Accompanied by archival photos, a timeline, links to further information and references to his friendship with Lasseter’s son Bob who believes his father’s story and has made several expeditions to reveal the truth, this is just the sort of tale that will grip young readers encouraging them to look backwards as well as forwards and discover the stories of this country.

 

Usborne Illustrated Myths from Around the World

Usborne Illustrated Myths from Around the World

Usborne Illustrated Myths from Around the World

 

 

 

 

 

 

 

 

 

Usborne Illustrated Myths from Around the World

Anya Klauss

Usborne, 2016

256 pp., hbk., RRP $A29.99

9781409596738

What do Demeter and Persephone, Finn MacCool and the fish of Maui all have in common?  Well, they are included in this collection of stories from around the world beautifully illustrated by Anya Klauss.

In times long past before the truth was known, many of the things like the sun’s passage across the sky or the formation of the land were a mystery to those observing them so they made up stories to explain the particular phenomenon.  Even though they came from far-flung places and diverse peoples. their common thread was to explain the seemingly inexplicable so that the world made sense to them. Whether it involved giants, mythical beings and creatures, magic or sorcery, each story sought to demystify and through their telling through generations across thousands of years they have endured, even though science may have intervened to expose the truth.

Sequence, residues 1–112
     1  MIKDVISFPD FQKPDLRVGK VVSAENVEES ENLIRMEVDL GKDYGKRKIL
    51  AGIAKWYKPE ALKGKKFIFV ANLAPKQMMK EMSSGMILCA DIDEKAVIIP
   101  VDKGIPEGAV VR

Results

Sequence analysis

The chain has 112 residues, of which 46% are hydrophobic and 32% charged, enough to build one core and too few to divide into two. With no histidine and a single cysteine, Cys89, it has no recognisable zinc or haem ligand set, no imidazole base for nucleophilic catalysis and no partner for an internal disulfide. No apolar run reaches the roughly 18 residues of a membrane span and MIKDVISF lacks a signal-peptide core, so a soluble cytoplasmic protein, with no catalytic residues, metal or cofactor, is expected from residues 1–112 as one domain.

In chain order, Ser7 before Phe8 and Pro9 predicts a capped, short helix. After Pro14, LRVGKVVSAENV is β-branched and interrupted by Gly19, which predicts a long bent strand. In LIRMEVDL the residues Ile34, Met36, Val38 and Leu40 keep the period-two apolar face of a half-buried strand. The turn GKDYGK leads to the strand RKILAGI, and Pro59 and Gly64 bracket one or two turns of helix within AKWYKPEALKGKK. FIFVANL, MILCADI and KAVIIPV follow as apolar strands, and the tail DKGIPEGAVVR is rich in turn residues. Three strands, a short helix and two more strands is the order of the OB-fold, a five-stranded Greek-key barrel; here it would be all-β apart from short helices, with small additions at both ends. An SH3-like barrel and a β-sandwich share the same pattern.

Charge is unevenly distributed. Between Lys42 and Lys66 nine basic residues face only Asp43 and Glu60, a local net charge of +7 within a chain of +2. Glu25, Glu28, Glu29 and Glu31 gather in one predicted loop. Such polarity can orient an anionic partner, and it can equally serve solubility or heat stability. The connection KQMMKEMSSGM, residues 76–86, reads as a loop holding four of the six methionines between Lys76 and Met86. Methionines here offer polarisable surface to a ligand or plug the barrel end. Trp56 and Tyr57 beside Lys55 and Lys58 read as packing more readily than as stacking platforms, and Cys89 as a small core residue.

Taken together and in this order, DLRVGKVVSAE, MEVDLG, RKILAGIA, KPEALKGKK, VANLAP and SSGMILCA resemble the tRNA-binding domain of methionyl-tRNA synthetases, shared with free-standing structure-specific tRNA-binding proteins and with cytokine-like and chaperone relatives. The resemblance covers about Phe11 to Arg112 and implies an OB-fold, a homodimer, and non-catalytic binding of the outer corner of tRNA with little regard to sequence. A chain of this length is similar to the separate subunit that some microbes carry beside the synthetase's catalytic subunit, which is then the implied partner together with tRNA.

As well as being a wonderful introduction to these sorts of stories and embracing a range of cultures, such myths can also be the entry point into scientific investigations for young and not-so-young scientists.  If Maui did not fish the North Island of New Zealand out of the sea, how did it get there? If the changing of the seasons are not caused by Demeter’s love and loss, how are they formed?  A great way to link literature and science and start our students on their own quests.